Multisite medical data sharing is critical in modern clinical practice and medical research. The challenge is to conduct data sharing that preserves individual privacy and data utility. The shortcomings of traditional privacy-enhancing technologies mean that institutions rely upon bespoke data sharing contracts. The lengthy process and administration induced by these contracts increases the inefficiency of data sharing and may disincentivize important clinical treatment and medical research. This paper provides a synthesis between 2 novel advanced privacy-enhancing technologies-homomorphic encryption and secure multiparty computation (defined together as multiparty homomorphic encryption). These privacy-enhancing technologies provide a mathematical guarantee of privacy, with multiparty homomorphic encryption providing a performance advantage over separately using homomorphic encryption or secure multiparty computation. We argue multiparty homomorphic encryption fulfills legal requirements for medical data sharing under the European Union's General Data Protection Regulation which has set a global benchmark for data protection. Specifically, the data processed and shared using multiparty homomorphic encryption can be considered anonymized data. We explain how multiparty homomorphic encryption can reduce the reliance upon customized contractual measures between institutions. The proposed approach can accelerate the pace of medical research while offering additional incentives for health care and research institutes to employ common data interoperability standards.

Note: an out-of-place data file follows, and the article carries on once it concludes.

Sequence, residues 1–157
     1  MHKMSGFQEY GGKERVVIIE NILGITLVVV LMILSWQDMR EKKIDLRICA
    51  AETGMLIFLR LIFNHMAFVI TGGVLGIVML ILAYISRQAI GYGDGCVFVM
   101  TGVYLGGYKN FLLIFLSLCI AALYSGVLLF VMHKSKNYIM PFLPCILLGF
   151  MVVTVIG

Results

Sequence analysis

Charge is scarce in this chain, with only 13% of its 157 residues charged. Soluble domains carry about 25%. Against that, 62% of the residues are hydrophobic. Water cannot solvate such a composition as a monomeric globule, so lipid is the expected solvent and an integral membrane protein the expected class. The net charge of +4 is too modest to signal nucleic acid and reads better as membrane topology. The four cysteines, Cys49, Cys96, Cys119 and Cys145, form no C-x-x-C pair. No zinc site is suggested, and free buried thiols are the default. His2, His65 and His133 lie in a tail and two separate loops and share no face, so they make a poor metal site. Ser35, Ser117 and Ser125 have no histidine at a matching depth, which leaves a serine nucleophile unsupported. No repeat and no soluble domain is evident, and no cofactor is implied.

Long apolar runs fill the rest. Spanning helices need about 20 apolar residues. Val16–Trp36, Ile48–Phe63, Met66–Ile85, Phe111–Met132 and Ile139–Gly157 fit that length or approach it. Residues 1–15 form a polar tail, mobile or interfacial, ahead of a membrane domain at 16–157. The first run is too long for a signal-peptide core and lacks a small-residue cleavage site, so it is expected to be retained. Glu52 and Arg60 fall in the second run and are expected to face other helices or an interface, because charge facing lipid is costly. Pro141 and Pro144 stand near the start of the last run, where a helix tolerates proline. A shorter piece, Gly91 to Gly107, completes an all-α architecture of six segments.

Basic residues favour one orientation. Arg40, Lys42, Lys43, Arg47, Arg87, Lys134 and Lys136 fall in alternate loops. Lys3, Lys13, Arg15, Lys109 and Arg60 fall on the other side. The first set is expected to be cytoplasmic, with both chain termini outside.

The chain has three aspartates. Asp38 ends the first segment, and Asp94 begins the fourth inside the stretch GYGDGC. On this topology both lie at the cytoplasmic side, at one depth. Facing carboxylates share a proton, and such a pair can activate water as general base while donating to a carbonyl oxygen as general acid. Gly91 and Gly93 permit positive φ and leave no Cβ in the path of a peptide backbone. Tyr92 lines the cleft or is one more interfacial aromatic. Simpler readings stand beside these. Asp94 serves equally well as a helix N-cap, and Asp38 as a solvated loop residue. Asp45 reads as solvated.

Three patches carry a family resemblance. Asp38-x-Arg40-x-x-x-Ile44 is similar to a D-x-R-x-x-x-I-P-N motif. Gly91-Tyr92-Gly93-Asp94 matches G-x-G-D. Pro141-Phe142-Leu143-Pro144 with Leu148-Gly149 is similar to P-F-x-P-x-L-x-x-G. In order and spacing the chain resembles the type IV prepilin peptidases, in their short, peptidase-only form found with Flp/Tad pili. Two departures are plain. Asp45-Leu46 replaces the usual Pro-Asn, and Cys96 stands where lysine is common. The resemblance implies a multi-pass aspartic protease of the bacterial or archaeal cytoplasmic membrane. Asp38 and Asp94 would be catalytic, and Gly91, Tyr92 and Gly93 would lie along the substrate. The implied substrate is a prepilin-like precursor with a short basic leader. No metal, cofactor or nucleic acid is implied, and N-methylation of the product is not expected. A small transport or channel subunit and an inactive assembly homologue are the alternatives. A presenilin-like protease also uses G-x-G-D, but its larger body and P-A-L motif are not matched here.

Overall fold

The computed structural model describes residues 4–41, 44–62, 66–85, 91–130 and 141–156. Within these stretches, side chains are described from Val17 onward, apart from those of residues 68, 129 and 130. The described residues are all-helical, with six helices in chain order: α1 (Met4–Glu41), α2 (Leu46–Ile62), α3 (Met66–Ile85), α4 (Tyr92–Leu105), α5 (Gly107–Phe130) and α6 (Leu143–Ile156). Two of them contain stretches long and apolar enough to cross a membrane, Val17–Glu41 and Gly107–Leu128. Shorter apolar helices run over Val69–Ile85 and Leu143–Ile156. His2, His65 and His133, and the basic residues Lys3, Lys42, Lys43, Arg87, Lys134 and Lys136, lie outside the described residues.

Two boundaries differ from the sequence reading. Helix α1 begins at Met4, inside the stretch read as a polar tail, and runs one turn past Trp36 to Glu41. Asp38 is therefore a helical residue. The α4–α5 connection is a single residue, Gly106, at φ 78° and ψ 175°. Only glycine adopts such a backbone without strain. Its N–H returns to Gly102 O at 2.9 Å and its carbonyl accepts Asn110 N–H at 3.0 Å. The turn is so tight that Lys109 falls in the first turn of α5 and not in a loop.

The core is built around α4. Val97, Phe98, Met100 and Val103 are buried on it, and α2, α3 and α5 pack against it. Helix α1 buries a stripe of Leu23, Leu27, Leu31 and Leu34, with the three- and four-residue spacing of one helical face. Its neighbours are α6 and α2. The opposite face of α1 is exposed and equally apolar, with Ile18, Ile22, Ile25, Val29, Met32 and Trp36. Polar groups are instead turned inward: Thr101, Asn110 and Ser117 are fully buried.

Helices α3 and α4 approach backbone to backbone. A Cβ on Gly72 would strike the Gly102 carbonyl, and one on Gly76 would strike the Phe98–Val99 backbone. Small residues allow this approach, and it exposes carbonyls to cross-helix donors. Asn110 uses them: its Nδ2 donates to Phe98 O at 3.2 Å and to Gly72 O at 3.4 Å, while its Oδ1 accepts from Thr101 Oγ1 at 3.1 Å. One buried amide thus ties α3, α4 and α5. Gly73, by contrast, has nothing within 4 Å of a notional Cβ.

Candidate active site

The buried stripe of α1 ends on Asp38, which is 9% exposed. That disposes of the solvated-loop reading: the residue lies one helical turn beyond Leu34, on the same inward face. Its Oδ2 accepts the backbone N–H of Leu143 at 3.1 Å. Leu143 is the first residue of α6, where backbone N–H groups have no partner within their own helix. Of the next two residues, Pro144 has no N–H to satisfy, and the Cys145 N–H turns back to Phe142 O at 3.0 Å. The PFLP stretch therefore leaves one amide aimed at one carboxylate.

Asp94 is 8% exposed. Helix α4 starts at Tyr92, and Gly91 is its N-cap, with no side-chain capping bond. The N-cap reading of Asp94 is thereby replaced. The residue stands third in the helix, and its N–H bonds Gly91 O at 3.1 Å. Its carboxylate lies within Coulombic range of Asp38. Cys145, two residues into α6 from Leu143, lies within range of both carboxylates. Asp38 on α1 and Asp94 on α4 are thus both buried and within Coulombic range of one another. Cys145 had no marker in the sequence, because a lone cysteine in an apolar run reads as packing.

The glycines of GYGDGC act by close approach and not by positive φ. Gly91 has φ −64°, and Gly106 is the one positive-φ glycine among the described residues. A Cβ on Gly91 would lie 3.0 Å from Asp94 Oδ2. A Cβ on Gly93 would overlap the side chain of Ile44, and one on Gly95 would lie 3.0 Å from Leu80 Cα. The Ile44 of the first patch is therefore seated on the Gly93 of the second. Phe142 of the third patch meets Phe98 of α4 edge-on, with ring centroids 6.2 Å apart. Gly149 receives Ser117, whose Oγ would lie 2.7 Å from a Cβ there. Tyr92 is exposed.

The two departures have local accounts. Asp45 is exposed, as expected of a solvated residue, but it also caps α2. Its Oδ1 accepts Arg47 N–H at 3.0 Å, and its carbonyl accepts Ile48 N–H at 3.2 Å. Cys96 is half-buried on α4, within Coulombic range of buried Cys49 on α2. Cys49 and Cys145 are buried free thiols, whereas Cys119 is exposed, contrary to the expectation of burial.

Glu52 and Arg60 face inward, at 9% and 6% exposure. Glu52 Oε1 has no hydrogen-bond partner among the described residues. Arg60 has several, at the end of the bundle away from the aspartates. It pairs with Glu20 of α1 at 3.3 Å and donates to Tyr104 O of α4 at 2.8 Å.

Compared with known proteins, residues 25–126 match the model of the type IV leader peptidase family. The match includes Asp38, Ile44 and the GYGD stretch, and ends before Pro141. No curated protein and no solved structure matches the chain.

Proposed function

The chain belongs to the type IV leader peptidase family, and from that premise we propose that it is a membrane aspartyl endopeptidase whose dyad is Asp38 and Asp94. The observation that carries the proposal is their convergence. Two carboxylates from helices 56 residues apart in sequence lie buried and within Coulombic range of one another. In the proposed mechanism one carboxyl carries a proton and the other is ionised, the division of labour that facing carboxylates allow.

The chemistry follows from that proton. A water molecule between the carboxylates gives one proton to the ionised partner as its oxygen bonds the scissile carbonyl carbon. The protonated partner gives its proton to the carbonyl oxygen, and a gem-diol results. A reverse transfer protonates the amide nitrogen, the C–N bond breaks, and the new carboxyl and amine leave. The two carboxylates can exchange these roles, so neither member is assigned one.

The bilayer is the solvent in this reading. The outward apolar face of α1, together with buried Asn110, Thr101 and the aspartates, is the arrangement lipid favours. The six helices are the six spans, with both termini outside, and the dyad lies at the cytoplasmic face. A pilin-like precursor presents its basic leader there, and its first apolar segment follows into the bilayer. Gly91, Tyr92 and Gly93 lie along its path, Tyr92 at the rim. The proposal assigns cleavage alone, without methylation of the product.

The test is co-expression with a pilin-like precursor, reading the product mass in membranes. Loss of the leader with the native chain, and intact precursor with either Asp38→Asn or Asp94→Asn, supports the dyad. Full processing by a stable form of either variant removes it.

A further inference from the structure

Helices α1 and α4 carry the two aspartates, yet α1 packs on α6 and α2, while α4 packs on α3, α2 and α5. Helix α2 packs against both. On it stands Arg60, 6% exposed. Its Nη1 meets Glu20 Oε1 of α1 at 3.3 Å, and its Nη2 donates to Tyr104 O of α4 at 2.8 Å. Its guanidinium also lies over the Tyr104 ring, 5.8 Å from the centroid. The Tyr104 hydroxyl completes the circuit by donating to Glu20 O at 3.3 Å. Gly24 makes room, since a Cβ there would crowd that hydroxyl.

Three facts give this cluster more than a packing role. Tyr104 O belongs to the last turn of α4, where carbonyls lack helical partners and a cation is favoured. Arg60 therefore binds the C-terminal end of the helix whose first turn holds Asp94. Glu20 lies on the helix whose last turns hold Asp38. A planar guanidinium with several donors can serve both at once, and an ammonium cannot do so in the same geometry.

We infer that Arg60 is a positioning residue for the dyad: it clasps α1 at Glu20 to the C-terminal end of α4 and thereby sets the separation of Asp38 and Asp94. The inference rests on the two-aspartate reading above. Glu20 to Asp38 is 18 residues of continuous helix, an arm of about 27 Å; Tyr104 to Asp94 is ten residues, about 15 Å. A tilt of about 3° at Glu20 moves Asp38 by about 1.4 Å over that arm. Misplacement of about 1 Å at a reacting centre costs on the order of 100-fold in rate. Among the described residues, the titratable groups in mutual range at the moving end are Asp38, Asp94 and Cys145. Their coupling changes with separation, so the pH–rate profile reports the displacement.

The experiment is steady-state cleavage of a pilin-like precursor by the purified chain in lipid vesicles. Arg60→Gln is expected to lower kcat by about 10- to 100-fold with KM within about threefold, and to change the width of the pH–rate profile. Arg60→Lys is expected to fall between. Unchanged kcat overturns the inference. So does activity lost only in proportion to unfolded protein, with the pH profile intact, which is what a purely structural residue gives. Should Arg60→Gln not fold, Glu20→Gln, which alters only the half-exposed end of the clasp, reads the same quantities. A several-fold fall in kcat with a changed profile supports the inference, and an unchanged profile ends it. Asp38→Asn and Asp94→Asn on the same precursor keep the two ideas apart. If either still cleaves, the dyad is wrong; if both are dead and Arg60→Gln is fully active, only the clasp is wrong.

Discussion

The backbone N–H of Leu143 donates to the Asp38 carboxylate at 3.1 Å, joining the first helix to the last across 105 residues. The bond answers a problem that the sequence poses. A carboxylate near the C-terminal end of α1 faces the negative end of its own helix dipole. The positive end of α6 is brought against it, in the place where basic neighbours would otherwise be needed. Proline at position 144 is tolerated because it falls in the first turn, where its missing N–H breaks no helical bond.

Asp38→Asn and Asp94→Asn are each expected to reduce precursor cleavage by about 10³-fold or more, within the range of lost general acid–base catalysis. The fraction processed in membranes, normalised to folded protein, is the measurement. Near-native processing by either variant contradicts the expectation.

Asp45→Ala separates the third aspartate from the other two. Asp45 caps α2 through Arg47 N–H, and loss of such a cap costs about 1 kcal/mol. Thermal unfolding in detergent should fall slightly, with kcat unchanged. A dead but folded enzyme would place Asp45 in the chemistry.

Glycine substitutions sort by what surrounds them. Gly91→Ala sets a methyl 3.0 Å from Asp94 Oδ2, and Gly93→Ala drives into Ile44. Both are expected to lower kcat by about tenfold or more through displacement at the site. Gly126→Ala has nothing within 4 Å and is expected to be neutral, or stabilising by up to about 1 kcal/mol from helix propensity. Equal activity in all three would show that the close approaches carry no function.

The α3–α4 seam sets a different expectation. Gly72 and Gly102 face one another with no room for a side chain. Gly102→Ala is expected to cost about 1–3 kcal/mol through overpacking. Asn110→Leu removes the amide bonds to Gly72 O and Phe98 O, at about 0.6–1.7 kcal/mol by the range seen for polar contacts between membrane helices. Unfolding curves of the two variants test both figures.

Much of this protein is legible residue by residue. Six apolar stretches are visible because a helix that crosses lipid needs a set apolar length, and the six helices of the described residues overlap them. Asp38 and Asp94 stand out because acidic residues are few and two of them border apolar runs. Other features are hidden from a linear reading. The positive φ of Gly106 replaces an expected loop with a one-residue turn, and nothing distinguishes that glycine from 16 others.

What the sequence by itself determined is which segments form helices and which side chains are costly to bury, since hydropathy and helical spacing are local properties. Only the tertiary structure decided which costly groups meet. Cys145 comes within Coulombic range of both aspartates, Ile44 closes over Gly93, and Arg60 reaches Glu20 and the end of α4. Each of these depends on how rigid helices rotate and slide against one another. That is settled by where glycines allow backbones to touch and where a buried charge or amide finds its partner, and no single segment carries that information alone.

Keywords: GDPR; General Data Protection Regulation; Interoperability; anonymization; centralized approach; data governance; data privacy; data protection; data sharing; decentralized approach; encryption; ethics; federated approach; patient data privacy; privacy; pseudonymization; research.
©James Scheibner, Jean Louis Raisaro, Juan Ramón Troncoso-Pastoriza, Marcello Ienca, Jacques Fellay, Effy Vayena, Jean-Pierre Hubaux. Originally published in the Journal of Medical Internet Research (http://www.jmir.org), 25.02.2021.